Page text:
Abstract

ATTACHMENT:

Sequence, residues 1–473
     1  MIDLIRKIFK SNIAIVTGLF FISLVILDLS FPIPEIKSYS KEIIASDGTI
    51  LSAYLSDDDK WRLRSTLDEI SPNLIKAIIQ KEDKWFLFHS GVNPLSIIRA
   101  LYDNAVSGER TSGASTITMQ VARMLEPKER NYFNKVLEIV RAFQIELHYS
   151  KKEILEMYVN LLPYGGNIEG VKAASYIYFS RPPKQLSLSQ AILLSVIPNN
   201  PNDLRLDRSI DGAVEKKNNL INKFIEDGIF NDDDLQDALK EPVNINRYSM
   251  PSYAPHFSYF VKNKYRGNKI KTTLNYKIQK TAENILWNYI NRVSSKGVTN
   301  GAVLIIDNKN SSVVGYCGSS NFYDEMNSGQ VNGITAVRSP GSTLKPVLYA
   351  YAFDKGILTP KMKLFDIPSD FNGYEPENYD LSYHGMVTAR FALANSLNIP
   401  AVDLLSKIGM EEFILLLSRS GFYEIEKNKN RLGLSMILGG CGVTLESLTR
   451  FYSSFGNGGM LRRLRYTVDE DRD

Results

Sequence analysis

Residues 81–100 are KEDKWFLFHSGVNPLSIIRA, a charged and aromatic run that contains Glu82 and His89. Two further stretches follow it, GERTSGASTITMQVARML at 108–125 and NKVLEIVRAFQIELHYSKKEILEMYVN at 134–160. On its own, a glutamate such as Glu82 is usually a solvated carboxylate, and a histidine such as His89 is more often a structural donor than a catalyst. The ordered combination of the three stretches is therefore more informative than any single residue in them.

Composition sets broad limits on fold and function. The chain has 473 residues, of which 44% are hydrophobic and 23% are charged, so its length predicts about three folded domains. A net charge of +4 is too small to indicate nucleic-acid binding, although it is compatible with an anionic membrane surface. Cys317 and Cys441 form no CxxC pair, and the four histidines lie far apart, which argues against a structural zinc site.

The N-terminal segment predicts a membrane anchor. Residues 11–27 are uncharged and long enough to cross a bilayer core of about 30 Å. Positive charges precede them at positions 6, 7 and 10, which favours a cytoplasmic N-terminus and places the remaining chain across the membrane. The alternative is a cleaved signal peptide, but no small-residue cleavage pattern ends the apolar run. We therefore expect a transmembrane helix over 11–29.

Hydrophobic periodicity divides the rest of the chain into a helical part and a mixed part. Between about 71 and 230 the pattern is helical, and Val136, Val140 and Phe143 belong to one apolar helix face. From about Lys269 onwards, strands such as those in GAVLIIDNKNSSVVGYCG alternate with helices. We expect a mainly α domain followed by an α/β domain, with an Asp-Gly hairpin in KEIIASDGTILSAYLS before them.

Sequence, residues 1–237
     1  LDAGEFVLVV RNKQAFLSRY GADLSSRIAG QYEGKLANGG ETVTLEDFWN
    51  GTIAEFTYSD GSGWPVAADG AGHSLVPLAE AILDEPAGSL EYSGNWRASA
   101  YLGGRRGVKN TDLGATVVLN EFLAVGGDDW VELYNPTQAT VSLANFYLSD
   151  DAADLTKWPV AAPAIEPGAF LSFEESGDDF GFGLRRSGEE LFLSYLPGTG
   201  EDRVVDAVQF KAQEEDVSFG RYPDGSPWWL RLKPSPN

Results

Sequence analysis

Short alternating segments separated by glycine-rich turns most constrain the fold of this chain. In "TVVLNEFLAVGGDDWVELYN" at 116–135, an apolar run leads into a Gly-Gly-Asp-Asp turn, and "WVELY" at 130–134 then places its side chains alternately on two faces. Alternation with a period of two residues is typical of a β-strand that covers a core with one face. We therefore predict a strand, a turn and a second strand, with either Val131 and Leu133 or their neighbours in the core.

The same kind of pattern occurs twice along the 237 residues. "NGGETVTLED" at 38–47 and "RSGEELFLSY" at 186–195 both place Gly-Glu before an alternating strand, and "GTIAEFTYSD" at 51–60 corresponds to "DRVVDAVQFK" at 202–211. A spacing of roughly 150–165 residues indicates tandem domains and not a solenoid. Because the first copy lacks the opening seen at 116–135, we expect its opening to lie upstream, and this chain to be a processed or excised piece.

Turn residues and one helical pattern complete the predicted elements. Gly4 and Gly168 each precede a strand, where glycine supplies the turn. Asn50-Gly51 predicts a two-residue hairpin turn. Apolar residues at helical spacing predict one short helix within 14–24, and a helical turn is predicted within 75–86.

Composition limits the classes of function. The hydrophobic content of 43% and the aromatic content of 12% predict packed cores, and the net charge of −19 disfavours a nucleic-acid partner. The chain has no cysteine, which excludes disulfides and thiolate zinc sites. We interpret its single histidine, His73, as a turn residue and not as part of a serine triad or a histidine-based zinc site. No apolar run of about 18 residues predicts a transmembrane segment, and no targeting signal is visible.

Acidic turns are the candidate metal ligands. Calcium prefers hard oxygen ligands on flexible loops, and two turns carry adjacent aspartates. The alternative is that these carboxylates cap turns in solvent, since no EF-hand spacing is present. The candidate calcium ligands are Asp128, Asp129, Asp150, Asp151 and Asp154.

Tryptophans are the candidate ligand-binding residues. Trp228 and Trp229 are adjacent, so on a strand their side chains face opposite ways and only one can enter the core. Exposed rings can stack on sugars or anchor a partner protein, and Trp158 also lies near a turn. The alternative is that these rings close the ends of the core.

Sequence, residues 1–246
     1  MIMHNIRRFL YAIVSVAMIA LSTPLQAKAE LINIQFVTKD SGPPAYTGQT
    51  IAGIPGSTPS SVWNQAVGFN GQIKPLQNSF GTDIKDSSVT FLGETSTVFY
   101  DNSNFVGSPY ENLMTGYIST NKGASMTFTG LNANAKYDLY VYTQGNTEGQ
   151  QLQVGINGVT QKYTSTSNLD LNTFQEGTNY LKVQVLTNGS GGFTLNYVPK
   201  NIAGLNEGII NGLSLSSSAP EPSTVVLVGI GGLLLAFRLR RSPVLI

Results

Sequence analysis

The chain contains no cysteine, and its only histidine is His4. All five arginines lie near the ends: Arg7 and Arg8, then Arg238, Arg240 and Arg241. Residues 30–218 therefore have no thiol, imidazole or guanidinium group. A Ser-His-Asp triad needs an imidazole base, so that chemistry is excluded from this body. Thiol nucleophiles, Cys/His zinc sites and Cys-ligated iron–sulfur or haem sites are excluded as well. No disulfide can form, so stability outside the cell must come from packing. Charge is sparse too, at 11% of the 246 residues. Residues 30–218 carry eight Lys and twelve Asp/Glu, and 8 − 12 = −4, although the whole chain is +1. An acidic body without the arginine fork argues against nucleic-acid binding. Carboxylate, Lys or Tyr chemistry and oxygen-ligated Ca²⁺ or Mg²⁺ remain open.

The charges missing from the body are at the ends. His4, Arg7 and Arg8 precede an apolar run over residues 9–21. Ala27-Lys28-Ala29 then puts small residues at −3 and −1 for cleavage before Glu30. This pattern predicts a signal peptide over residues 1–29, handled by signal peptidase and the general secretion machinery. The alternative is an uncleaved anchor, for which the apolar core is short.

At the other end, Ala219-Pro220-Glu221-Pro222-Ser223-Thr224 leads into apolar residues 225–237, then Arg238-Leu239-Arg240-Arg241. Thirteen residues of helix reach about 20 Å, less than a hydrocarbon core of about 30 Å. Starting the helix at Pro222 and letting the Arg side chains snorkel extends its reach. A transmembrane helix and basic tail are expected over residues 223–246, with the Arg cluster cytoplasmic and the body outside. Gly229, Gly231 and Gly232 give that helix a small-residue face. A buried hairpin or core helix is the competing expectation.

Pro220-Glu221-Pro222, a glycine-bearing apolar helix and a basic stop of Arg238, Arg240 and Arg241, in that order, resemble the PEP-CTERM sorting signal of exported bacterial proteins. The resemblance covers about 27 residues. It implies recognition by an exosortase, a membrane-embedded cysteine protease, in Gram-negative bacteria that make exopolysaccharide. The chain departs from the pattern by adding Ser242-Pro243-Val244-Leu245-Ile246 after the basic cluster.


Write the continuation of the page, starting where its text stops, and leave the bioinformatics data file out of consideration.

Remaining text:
Exceptional examples of planispiral ammonites that were infested by epizoans during life display alterations of their normal coiling. Most commonly, the epizoan(s) settled on the venter of the ammonite and constituted an obstacle for the whorl tube grown one whorl later; this caused lateral deviation of the whorl tube and tilting of the ammonoid because of changes in the hydrostatic condition; from here on, the whorl tube periodically crossed the venter of the preceding whorl, thereby producing a zigzag coiling pattern. Some epizoans, which were particularly centered on the midventer, provoked detachment between whorls. In a few cases, lateral placement of the epizoan did not directly obstruct the normal growth path of the ammonite but induced a trochospiral coiling pattern. Both the zigzag and the trochospiral pattern were created when the ammonite tried to maintain the growth direction within the vertical plane at the same time as whorls remained in contact along a differentiated dorsal epithelium. The aperture reacted to changes in growth direction, to maintain also a permanent angle with the vertical direction. Growth direction, then, was a major morphogenetic parameter in ammonites, because it contained the necessary instructions for correct shell coiling. The model based on the observation of fabricational defects has been tested by a theoretical model by which the different situations so far observed are simulated and in which the parameters are the morphogenetic instructions inferred to have been present in the biological system.

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